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    Jones Criteria for Acute Rheumatic Fever Diagnosis

    Diagnoses acute rheumatic fever based on major and minor criteria.
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    IMPORTANT

    Note: As of 2015, the Jones Criteria have been updated to include the use of doppler echocardiography. See AHA's update.

    When to Use
    Pearls/Pitfalls
    Why Use
    • Use in the diagnosis of suspected acute rheumatic fever (ARF).

    • Diagnosis of ARF is a clinical diagnosis based on these standard diagnostic criteria.

    • Do not use to measure rheumatic activity, establish the diagnosis of inactive or chronic rheumatic heart disease, or to predict the course or severity of the disease.

    • An initial presentation of possible ARF should not be diagnosed based on minor criteria alone.

    • Other illnesses may mimic ARF. Laboratory evidence of an antecedent group A streptococcal (GAS) infection (i.e., streptococcal antibody titers, positive throat culture or rapid Strep test) is mandatory to establish the diagnosis.

    • Only GAS infections of the upper respiratory tract lead to ARF; GAS skin infections do not lead to ARF.

    • A 2015 revision made modifications to the criteria, most notably providing two separate diagnostic pathways for those at low risk and those at moderate/high risk, and adding subclinical carditis as a major criterion. However, the 1992 (original) version remains popular in clinical use.

    • Children less than 3 years of age are unlikely to develop an autoimmune response that leads to ARF. Even with laboratory evidence of GAS infection, consider other diagnoses first. Expert consultation with pediatric infectious disease, cardiology, and/or rheumatology may be helpful.

    • Myocarditis without valvulitis (without new murmur or echo evidence suggestive of RHD) is unlikely to be rheumatic in origin.

    • To establish a diagnosis of initial or recurrent acute rheumatic fever. 

    • Failing to meet the criteria suggests that another diagnosis is more likely.

    • Adherence to the Jones Criteria will help prevent over-diagnosis and the long-term sequelae of over-diagnosis such as prophylactic antibiotic use, patient/family stress, and insurance concerns.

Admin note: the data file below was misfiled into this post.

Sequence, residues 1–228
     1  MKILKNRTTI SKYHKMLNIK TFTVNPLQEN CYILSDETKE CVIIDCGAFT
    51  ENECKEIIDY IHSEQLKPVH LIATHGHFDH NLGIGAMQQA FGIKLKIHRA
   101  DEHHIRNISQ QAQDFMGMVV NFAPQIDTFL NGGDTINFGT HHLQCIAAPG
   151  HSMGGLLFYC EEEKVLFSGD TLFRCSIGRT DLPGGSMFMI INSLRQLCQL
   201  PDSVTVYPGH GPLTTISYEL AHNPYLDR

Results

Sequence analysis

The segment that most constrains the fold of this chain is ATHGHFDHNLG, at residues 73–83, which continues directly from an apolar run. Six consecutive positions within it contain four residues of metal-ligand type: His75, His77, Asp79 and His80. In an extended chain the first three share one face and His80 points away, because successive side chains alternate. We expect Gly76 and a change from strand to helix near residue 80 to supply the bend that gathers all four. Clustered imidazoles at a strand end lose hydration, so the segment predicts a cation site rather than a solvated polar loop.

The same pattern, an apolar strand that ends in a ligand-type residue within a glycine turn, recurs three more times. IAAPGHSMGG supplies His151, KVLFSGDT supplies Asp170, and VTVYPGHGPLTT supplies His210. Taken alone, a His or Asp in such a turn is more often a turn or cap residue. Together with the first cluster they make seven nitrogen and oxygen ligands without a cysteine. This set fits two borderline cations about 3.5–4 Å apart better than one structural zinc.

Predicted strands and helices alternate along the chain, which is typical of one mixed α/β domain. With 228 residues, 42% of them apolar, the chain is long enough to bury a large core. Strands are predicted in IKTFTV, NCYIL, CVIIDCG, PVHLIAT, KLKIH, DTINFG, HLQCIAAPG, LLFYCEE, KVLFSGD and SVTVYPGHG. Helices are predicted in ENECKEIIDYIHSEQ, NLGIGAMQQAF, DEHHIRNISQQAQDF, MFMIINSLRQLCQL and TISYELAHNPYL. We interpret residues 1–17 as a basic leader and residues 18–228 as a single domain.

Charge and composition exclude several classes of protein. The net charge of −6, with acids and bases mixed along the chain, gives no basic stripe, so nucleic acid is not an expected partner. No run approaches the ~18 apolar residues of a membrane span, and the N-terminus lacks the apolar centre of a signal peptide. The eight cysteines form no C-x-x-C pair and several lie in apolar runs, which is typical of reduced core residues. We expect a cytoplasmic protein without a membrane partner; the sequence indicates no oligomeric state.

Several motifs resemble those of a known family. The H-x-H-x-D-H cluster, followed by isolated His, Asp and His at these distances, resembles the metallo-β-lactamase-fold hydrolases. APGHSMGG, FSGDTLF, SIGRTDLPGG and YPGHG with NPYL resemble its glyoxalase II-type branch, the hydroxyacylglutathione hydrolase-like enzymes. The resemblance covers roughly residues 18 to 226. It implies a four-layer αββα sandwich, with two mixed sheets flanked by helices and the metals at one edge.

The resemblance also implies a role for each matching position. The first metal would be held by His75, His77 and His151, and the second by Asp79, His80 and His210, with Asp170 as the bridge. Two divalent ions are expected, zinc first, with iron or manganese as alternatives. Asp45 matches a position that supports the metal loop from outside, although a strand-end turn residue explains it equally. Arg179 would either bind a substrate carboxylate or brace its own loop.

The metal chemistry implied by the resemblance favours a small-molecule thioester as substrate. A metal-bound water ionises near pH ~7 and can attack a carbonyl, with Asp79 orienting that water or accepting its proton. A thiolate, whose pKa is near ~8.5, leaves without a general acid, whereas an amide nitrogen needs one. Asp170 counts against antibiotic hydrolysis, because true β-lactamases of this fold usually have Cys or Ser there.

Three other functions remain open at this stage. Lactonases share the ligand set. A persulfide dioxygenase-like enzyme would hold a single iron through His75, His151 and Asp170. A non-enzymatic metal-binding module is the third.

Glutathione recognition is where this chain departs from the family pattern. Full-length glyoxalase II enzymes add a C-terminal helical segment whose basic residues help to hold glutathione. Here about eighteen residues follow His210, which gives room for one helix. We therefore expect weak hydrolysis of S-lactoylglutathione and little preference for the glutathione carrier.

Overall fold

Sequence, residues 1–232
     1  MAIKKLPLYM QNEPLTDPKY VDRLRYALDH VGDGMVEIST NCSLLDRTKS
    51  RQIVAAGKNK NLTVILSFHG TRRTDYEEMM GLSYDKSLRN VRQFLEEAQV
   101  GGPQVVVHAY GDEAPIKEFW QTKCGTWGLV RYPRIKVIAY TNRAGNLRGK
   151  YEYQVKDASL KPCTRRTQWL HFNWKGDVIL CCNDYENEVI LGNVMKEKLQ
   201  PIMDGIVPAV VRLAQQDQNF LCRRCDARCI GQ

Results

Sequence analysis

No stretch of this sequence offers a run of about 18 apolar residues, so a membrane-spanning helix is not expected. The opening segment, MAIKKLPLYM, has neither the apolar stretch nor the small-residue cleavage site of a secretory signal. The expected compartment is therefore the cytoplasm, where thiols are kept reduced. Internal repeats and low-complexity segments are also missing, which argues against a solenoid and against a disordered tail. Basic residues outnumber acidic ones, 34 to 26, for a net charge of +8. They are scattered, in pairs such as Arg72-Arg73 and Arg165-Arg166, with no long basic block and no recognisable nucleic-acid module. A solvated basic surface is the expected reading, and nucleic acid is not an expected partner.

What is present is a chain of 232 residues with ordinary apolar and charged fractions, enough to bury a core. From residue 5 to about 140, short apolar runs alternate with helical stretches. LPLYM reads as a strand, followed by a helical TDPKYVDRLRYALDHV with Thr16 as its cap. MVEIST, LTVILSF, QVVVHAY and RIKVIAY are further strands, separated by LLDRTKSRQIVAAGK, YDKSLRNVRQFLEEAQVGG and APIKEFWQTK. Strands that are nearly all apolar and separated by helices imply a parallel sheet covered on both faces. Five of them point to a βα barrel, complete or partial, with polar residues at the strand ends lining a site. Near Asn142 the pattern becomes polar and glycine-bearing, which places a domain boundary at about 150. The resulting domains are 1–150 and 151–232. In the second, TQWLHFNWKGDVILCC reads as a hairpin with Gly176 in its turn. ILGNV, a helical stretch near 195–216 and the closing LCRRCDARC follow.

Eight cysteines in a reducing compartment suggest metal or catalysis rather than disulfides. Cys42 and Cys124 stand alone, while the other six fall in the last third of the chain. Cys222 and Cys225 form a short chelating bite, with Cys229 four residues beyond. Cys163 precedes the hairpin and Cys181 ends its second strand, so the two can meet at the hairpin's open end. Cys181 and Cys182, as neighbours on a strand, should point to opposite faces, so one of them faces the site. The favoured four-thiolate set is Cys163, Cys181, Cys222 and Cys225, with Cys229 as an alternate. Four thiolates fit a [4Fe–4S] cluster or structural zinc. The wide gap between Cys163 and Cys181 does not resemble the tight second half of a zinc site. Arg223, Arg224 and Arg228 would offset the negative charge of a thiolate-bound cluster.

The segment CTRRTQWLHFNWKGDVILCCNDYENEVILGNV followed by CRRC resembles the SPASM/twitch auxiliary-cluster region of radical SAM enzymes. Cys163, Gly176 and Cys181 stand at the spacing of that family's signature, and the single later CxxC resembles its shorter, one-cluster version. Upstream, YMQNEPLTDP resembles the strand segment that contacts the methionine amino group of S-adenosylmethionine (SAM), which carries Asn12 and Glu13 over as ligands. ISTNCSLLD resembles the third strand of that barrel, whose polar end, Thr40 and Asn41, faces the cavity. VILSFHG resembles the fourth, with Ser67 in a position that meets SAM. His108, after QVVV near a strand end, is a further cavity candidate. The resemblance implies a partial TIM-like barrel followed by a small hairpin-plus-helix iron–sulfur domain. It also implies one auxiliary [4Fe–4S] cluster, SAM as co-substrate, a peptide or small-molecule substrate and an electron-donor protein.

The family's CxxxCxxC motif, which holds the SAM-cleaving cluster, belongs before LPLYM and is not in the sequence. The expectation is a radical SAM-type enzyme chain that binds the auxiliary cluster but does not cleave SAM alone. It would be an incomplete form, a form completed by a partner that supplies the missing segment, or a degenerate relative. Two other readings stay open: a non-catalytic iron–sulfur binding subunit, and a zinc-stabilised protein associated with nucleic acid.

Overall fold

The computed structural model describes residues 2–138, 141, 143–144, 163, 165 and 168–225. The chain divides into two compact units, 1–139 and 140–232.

Evidence of preceding GAS infection (≥1 of the following)

    Diagnostic Result:

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    Next Steps
    Evidence
    Creator Insights

    Advice

    • Cases of isolated chorea, indolent carditis, or recurrent episodes of rheumatic fever are more suggestive of rheumatic fever regardless of the presence of other Jones Criteria. In these scenarios, ARF is the presumptive diagnosis until proven otherwise.

    • Remember that arthralgia (joint pain) is distinct from arthritis (objective findings related to inflammation such as warmth, erythema, or swelling).

    Management

    • Echocardiogram is key in the evaluation of ARF, and should be performed in all cases of confirmed or suspected ARF.

    • If the diagnosis of ARF has been made without evidence of structural heart disease, an echocardiogram and cardiology consult are still recommended.

    Critical Actions

    • Household members living with a patient with confirmed ARF should be screened and treated for GAS infection/colonization when appropriate.

    • A penicillin antibiotic is typically the first line treatment for ARF (oral penicillin V or intramuscular penicillin G); amoxicillin can also be considered.

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    About the Creator
    Dr. T. Duckett Jones
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